Alberta Mirror

Monday, October 3, 2022

Councilors back infrastructure boosts coming to Edmonton’s Chinatown

Alberta

Key takeaways: 

  • ‘Chinatown has been overlooked for decades,’ Mayor Amarjeet Sohi says.
  • A plan to restore Chinatown has been on the books since 2018, but little work has been done in the district.

Edmonton’s Chinatown may eventually get a nuts-and-bolts boost. Citizens say it’s required many years after city councilors committed to pushing ahead with the district’s capital projects. 

At a meeting Wednesday, the council’s executive committee directed city staff to have infrastructure projects for Chinatown in the following four-year budget cycle from 2023-to 2026. 

The administration is anticipated to present economic estimates for the Chinatown plan in the fall as the council starts debating the capital and operating budgets. The program will be subject to council support at that time. 

The plan was made in 2018, and Coun. Anne Stevenson noted that the council decided not to support the projects at the time. 

“I think this is an investment that’s been required for a long time,” Stevenson stated. 

The pledge from the mayor and council comes after a rough month for the neighborhood. Hung Trang, 64, and Ban Phuc Hoang, 61, were murdered at Chinatown businesses on May 18. Justin Bone encounters two counts of second-degree killing in their deaths.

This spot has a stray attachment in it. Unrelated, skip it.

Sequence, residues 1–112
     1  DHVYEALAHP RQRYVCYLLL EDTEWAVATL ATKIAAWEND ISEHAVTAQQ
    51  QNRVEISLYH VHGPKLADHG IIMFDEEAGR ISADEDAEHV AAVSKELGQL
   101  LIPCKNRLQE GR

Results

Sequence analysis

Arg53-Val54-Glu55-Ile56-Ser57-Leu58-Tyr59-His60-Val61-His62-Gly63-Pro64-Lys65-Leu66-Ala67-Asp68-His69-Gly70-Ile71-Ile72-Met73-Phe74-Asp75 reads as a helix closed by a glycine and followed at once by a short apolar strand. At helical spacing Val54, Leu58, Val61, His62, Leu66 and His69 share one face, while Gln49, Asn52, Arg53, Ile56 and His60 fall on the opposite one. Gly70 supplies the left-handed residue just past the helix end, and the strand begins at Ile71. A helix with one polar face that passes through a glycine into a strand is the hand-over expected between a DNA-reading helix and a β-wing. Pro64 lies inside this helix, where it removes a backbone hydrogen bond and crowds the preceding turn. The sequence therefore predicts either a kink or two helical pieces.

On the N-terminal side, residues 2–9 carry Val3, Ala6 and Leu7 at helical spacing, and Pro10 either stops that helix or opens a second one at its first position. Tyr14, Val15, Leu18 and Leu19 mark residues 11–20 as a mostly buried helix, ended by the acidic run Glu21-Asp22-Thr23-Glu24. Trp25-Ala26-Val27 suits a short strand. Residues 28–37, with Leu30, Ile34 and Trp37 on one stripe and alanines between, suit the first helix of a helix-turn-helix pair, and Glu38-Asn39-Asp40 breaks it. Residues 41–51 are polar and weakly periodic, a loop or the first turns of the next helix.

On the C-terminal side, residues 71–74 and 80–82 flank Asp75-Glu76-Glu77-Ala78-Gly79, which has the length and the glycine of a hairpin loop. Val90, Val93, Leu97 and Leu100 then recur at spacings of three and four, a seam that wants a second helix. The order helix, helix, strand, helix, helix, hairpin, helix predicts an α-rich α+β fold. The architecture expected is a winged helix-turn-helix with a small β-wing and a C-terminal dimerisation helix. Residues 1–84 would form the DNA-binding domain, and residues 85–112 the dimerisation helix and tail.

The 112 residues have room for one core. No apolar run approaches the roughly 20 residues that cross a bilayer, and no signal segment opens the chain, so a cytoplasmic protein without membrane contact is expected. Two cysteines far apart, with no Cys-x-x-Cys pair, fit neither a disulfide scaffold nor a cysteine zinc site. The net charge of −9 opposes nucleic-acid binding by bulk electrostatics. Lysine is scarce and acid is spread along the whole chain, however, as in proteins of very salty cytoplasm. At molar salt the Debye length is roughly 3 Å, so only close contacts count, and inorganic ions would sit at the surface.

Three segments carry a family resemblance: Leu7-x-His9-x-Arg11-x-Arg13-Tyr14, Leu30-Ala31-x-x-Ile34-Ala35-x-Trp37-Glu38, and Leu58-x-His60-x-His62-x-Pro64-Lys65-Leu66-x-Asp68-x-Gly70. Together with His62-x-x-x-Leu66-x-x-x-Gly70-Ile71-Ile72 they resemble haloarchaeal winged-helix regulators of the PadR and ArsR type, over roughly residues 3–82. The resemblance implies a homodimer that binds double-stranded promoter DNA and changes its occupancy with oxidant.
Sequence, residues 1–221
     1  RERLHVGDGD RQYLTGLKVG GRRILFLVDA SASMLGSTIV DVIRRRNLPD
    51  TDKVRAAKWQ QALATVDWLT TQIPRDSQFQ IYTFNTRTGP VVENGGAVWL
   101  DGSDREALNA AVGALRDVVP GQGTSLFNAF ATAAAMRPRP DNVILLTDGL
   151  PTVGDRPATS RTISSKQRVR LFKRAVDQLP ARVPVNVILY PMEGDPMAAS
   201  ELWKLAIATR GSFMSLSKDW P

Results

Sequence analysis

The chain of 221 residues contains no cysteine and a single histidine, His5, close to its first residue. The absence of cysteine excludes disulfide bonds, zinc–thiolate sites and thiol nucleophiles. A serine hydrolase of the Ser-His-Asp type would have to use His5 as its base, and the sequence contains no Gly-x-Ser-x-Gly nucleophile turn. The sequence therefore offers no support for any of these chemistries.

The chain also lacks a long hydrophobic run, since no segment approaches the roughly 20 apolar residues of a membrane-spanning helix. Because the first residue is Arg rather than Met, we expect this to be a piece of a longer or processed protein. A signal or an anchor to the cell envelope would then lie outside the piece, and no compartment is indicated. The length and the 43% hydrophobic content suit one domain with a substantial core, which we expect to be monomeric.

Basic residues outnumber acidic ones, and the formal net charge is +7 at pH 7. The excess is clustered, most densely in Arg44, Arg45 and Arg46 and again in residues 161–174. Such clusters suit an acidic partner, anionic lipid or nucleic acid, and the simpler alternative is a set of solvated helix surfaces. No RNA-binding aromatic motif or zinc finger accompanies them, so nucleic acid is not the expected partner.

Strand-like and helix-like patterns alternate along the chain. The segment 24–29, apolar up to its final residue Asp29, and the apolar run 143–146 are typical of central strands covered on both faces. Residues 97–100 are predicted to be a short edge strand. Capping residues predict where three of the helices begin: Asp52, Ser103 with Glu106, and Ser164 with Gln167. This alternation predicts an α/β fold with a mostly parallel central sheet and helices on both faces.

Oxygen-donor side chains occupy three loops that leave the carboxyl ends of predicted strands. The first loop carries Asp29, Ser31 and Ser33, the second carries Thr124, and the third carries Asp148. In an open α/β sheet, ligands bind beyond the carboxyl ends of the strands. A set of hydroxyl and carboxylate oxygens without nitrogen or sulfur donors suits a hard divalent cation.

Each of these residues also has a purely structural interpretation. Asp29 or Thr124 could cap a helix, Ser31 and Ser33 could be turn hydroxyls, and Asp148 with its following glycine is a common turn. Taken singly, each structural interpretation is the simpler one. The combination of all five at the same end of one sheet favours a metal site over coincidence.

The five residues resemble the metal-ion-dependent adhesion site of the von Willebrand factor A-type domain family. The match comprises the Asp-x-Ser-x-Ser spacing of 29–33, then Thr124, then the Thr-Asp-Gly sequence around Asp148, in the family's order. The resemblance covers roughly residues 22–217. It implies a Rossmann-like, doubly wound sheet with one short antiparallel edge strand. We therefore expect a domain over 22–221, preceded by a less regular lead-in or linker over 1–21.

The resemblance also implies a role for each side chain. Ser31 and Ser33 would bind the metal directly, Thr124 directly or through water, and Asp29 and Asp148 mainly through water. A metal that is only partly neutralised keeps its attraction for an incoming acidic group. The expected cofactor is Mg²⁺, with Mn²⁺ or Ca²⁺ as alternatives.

Read more: Edmonton city councilors are considering new bylaw to save trees on private land

Edmonton’s Chinatown may eventually get a nuts-and-bolts boost

Upgrades in the Chinatown strategy have streetscaping 97th to 101st Streets between 105th and 107th Avenues.

Community renewal projects are scheduled to begin next year for Boyle Street and McCauley, including 98th to 100th streets and areas of 105th Avenue.

Stevenson said she’d like to see enhancements in these areas similar to those done on Jasper Avenue over the previous several years. 

‘We need to step up.’

Mayor Amarjeet Sohi called the capital assets in Chinatown “required.” 

“Chinatown has been neglected for decades,” Sohi told reporters after the meeting. “We need to step up.” 

Source – cbc.ca

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